Momordica charantia (colloquially: bitter melon; bitter apple; bitter gourd; bitter squash; balsam-pear); is a tropical and subtropical vine of the family Cucurbitaceae, widely grown in Asia, Africa, and the Caribbean for its edible fruit.
When can I pick it?
The fruit is most often eaten green, or as it is beginning to turn yellow. At this stage, the fruit’s flesh is crunchy and watery in texture, similar to cucumber, chayote or green bell pepper, but bitter. The skin is tender and edible.
Seeds and pith appear white in unripe fruits; they are intensely bitter and can be removed before cooking.
In Chinese cuisine, bittergourd is valued for its bitter flavor, typically in stir-frys, soups, dim sum, and herbal teas.
It has also been used in place of hops as the bittering ingredient in some beers
Tipically cooked : stir-fried with spices, cooked with roasted coconut, with curry, deep-frying with peanuts or other ground nuts, in omelet.
- In Turkey, it has been used as a folk remedy for a variety of ailments, particularly stomach complaints
- In traditional medicine of India, different parts of the plant are used as claimed treatments for diabetis (particularly Polypeptide-p, an insulin analogue), and as a stomachic, laxative, antibilious, emetic, anthelmintic agent, for the treatment of cough, respiratory diseases, skin diseases, wounds, ulcer, gout, and rheumatism.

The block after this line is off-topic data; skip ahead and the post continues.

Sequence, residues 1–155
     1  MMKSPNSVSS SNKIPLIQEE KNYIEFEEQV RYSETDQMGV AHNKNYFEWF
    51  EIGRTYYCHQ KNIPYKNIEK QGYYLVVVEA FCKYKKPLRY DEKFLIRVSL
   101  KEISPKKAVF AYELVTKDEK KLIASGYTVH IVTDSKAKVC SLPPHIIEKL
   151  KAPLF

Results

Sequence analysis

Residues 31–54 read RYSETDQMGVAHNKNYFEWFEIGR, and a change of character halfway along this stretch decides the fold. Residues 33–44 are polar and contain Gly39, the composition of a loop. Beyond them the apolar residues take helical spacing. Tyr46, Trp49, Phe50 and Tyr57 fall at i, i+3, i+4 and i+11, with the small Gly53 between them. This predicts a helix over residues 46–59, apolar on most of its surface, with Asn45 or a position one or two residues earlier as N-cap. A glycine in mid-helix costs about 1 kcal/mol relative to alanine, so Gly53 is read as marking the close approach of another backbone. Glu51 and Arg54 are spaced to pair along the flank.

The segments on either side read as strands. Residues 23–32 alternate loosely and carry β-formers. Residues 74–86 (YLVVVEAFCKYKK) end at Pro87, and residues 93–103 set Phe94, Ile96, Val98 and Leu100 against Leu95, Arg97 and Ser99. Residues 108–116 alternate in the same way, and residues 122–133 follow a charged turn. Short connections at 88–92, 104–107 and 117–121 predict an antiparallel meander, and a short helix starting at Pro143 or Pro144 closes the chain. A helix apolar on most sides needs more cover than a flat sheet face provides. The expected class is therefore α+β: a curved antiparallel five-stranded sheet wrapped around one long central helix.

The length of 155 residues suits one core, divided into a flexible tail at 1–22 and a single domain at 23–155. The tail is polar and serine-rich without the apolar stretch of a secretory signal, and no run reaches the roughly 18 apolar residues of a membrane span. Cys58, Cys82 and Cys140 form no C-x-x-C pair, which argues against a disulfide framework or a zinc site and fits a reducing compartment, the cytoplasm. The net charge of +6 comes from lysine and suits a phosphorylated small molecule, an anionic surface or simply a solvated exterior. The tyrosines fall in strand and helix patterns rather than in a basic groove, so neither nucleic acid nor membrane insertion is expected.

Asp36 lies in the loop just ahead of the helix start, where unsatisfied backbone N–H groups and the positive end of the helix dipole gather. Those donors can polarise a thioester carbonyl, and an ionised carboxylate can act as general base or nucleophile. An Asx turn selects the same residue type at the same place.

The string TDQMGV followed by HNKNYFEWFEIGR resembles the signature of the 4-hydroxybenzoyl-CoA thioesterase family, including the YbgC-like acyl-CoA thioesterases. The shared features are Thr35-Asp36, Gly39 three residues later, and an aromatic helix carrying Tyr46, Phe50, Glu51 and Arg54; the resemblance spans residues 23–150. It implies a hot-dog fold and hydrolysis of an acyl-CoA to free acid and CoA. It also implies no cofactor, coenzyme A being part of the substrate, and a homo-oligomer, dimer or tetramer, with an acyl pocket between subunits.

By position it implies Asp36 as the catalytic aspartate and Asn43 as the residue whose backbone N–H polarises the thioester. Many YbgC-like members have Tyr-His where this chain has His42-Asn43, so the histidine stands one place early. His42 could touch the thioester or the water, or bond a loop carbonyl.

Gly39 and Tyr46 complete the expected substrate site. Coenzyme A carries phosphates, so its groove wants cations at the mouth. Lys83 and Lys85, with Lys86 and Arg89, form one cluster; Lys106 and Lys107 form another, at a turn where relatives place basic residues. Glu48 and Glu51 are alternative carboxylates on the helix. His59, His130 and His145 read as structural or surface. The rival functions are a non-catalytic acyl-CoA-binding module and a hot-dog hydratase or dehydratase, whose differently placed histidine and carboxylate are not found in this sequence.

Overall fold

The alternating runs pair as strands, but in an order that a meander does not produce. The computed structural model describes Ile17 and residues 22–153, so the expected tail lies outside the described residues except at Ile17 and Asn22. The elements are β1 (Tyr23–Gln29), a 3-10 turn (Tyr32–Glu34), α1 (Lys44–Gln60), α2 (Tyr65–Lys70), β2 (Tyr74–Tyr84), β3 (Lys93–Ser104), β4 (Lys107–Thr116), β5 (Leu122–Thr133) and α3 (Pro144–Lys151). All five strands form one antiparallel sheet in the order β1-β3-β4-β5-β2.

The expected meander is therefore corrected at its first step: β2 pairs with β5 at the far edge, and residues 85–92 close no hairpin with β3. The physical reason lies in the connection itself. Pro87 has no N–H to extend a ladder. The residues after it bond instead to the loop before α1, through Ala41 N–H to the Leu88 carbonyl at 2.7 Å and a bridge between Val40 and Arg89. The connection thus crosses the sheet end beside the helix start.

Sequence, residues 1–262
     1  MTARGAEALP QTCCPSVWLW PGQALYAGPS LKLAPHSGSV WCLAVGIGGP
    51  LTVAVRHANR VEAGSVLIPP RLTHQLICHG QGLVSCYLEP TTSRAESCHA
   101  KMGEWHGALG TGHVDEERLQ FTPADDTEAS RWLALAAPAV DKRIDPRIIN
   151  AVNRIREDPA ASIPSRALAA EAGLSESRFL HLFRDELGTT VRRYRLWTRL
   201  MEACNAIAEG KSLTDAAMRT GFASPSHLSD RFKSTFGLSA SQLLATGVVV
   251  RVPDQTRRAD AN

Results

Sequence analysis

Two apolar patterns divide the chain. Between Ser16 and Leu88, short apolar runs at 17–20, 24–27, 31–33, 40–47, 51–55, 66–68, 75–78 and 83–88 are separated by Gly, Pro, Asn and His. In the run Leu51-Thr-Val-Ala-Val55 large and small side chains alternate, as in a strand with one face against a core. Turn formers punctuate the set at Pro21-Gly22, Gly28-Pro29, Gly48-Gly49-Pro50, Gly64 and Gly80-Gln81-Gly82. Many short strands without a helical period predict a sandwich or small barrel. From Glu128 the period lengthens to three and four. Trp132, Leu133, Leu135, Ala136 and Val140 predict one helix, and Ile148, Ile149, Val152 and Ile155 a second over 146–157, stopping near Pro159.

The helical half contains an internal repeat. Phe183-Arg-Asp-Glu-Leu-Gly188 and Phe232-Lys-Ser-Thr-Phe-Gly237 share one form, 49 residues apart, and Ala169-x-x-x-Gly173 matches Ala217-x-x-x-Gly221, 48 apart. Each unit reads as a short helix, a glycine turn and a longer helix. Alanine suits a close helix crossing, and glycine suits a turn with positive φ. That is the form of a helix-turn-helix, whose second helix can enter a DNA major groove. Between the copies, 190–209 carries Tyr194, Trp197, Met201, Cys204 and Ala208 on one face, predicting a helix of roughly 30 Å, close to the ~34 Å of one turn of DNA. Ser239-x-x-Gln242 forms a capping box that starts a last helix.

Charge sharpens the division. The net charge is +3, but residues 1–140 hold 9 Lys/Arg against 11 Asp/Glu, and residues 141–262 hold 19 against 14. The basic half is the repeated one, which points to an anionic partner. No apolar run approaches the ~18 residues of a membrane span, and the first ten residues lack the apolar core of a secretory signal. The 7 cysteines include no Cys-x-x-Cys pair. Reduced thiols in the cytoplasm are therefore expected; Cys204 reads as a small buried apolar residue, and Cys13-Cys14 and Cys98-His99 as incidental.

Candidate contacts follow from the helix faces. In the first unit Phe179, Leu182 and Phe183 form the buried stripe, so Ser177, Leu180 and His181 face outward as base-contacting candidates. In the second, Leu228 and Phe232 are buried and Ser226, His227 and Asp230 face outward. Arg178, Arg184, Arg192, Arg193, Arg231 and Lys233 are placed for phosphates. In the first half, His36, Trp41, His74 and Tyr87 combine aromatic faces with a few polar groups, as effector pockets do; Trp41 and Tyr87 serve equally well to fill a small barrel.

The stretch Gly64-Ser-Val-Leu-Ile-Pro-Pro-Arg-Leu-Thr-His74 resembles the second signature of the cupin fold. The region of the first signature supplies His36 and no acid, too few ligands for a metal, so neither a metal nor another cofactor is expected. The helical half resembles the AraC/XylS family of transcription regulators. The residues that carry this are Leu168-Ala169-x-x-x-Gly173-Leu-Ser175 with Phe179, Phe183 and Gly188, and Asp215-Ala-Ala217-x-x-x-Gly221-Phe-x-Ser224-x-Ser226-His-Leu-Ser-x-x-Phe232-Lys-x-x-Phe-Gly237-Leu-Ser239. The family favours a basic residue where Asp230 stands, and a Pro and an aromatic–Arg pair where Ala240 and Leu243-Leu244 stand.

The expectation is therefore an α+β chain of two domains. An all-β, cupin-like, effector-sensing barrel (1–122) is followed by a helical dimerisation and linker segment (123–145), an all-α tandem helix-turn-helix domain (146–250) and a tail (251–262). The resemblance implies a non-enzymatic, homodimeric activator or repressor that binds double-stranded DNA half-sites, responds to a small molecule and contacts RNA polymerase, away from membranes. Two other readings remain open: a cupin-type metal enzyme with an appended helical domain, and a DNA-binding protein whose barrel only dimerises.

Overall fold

- Used for cancer prevention, treatment of diabetes, fever, HIV and AIDS, and infections.
- When consumed in raw or juice form, can be efficacious in lowering blood glucose levels
- Might decrease cholesterol levels
- Also used for colic, fever, burns, chronic cough, painful menstruation, skin conditions
One cup (94 grams) of raw bitter melon provides :
- Calories: 20
- Carbs: 4 grams
- Fiber: 2 grams
- Vitamin C: 93% of the Reference Daily Intake (RDI)
- Vitamin A: 44% of the RDI
- Folate: 17% of the RDI
- Potassium: 8% of the RDI
- Zinc: 5% of the RDI
- Iron: 4% of the RDI
- Reported side effects include diarrhea, abdominal pain, fever, hypoglycemia, urinary incontinence, and chest pain. Symptoms are generally mild, do not require treatment, and resolve with rest
- Bitter melon is contraindicated in pregnant women because it can induce bleeding, contractions, and miscarriage.